5. Alma also contends that the trial court erred by failing to sever his trial from Perera's, arguing specifically that his defense was harmed by the introduction of jailhouse letters written to him by Alma. However, these letters would have been admissible against both defendants, even if they had been tried separately, because Alma and Perera were part of a criminal conspiracy, and the criminal project was still ongoing at the time the letters were written. Alma argues that the conspiracy was over because he was incarcerated. However, “a conspiracy or the concealment phase of it does not end just because one or more participants have been arrested and jailed.” (Footnote and punctuation omitted.) Brooks v. State, 281 Ga. 14, 16–17(2), 635 S.E.2d 723 (2006). If incriminating statements are made to law enforcement by any of the co-conspirators, it is likely that the conspiracy has ended. Id.; Crowder v. State, 237 Ga. 141, 227 S.E.2d 230 (1976). But if the incriminating statements are made “while [the] participants [a]re still hiding their identities from the police,” they are “made during the concealment phase of the conspiracy, and [a]re admissible against all defendants,” even if the co-conspirators are incarcerated. Brooks, 281 Ga. at 16–17(2), 635 S.E.2d 723. In any event, given the voluminous evidence linking him directly to Burdette's murder, Alma has failed to show that he was harmed by the trial court's denial of his motion to sever. See, e.g., Walker v. State, 282 Ga. 703(3), 653 S.E.2d 468 (2007).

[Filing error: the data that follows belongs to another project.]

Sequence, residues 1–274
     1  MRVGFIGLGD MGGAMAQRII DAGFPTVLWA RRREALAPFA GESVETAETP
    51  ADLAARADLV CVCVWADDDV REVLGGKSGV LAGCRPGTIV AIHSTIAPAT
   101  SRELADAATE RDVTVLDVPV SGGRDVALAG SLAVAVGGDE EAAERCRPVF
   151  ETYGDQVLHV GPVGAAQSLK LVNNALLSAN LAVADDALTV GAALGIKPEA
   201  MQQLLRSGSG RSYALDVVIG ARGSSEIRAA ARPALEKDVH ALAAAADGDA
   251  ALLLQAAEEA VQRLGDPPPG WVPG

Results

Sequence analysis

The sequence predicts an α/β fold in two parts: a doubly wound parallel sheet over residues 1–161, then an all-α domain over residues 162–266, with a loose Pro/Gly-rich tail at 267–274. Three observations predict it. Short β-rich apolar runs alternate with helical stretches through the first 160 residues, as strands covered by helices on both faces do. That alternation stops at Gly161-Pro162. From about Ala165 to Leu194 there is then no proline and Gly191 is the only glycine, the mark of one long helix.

6. Alma contends that trial counsel rendered ineffective assistance by failing to: (a) make a motion to suppress evidence obtained through a wiretap; (b) make a motion to suppress evidence found after a search of Perera's home; and (c) provide any defense to the charges of arson and, instead, rely on the sole defense of venue to the murder charge.